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The Death of Expertise

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The Death of Expertise

The Campaign Against Established Knowledge and Why It Matters

Oxford UP,

15 min read
10 take-aways
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Americans are hostile to expertise, and seem to view their own lack of knowledge as a virtue.

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Tom Nichols, a professor of national security affairs at the US Naval War College, says America has become a country “obsessed with the worship of its own ignorance.” Americans have always been skeptical of intellectuals and experts. Today, says Nichols, that attitude has mutated into outright hostility. In general, Americans have never been so willing to reject the knowledge of those who actually know something. This embrace of self-righteous ignorance bodes ill for the nation’s future. Nichols puts some blame on US universities, which fail to instill critical-thinking skills in students, and on the proliferation of news sources that compete by affirming their audiences’ biases. Nichols’s pessimistic polemic occasionally suffers from a “kids-these-days” tone, and he doesn’t offer much in the way of solutions to the problems he describes. Nevertheless, he provides a focused and frightening snapshot of current US attitudes. While always politically neutral, getAbstract believes Nichols helps laypeople understand the value and limits of expertise and offers insight to experts who are trying to communicate with the public.


Ignorance Is Strength?

Recent decades have seen a drastic shift in how people in the United States view expertise. Americans have always been skeptical of intellectuals – the “eggheads.” But today, laypeople have turned that resentment into hostility and have elevated know-nothingness to a “virtue.” In general, they believe in a distorted type of democratic equality, in which everyone is equally competent and equally capable of handling complex issues. In this view, the judgment of experts in science, politics or the law carries no more weight than anyone else’s opinions.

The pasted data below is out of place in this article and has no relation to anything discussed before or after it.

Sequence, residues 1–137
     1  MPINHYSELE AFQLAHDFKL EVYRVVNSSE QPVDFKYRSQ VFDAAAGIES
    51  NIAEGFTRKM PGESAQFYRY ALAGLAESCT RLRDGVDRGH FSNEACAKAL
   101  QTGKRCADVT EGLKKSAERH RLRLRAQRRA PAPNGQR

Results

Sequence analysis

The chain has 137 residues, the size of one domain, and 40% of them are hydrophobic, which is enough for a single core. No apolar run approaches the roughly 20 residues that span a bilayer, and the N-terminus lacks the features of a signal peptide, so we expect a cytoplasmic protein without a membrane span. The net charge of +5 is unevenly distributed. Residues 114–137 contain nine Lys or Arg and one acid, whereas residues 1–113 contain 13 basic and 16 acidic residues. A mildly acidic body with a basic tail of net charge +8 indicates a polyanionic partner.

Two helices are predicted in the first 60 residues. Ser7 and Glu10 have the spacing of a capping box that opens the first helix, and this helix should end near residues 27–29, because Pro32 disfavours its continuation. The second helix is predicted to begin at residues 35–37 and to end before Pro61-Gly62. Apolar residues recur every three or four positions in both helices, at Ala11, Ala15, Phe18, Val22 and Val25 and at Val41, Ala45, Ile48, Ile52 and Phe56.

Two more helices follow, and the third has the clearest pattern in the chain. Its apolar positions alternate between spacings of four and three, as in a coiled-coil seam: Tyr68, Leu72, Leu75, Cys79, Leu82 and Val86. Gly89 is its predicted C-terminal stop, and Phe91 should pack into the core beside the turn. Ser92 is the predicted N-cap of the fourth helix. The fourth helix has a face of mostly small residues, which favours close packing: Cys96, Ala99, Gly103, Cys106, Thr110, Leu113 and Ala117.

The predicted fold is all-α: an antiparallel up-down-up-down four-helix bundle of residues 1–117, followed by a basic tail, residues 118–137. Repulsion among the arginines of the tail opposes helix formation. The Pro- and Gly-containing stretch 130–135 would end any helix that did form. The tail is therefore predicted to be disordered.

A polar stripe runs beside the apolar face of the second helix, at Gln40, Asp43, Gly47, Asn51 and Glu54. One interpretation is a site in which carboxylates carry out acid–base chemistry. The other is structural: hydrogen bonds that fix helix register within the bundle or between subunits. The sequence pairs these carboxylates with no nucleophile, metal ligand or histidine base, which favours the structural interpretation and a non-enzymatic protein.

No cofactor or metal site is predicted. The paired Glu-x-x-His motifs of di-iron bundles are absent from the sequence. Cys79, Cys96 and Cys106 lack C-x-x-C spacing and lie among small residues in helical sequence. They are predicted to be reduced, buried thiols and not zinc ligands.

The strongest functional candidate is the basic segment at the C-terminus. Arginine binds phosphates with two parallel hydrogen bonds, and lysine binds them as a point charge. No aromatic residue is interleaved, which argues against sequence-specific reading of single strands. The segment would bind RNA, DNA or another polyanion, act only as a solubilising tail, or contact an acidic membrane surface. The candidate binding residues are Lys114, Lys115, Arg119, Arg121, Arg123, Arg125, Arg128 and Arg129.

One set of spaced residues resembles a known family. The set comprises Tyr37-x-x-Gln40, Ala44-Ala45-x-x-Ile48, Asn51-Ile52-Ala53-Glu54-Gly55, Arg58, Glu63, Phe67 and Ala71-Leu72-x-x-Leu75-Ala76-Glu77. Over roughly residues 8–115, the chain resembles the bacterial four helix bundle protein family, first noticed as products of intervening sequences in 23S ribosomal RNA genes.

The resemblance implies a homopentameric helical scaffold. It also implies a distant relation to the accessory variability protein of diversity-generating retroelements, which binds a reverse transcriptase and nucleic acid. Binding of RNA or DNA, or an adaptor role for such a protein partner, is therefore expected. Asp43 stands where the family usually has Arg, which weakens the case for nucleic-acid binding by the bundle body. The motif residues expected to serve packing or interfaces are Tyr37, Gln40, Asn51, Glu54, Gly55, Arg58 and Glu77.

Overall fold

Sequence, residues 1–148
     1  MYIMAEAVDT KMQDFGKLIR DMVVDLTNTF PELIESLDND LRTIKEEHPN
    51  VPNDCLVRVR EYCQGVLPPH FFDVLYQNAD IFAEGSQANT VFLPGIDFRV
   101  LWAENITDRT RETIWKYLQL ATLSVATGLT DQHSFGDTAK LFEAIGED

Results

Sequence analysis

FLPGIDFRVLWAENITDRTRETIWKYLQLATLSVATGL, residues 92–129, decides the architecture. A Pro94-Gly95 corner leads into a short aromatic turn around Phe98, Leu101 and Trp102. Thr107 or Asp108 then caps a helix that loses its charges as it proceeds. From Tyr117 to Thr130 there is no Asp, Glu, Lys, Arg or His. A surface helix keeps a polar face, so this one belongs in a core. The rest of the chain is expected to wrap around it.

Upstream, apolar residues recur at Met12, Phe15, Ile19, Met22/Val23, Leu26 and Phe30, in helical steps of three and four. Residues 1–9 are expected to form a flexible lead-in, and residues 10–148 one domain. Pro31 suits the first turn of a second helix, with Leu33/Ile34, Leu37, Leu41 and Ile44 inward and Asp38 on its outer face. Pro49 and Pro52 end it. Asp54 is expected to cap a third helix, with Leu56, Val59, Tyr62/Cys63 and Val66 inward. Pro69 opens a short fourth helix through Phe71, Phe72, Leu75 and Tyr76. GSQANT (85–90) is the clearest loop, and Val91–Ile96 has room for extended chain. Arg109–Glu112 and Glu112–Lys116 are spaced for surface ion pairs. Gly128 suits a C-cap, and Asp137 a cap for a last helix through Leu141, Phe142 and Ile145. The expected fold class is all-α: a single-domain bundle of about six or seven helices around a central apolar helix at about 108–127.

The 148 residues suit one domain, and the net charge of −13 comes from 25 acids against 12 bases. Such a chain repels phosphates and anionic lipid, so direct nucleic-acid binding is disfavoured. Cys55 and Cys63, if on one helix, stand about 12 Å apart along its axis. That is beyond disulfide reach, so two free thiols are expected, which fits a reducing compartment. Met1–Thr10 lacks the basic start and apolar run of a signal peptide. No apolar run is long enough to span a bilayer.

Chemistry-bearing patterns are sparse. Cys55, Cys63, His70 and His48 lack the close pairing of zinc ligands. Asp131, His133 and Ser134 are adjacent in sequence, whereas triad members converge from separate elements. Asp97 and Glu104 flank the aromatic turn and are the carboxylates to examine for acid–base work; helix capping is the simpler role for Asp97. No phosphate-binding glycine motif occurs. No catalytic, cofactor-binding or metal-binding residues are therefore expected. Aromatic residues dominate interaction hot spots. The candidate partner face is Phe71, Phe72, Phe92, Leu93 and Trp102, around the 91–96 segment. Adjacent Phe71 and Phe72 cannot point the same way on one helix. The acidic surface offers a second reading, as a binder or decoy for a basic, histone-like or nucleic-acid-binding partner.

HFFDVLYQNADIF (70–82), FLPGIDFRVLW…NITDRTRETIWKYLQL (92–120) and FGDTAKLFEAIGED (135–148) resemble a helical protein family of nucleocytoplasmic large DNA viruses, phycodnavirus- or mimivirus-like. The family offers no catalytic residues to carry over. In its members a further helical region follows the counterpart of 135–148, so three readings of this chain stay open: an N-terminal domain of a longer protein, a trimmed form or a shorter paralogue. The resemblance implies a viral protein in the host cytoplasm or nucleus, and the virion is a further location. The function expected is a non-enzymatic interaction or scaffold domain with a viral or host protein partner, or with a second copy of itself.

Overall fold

“We Don’t Need No Education”

As Alexis de Tocqueville observed in 1835, the citizens of American democracy cultivated an attitude of “intellectual self-reliance.” They believed an average person was capable of administering public policy. That attitude endured into the 20th century. But as human knowledge grew larger and more specialized, a gulf grew between laypeople and experts, and it fostered distrust. Laypeople sensed that they couldn’t possibly muster the fundamentals of specialized fields ranging from aviation to medicine – let alone fly a plane or prescribe drugs – and increasingly...

About the Author

US Naval War College professor and adjunct professor at the Harvard Extension School Tom Nichols is a senior associate of the Carnegie Council for Ethics in International Affairs and a fellow of the International History Institute at Boston University. He won Jeopardy! five times.

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    M. T. 5 years ago
    test coment
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    P. P. 5 years ago
    Try to compare the news from Alex Jones and CNN, which of then is fake and which of then is fake according to this article ?
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    I. A. 6 years ago
    Great read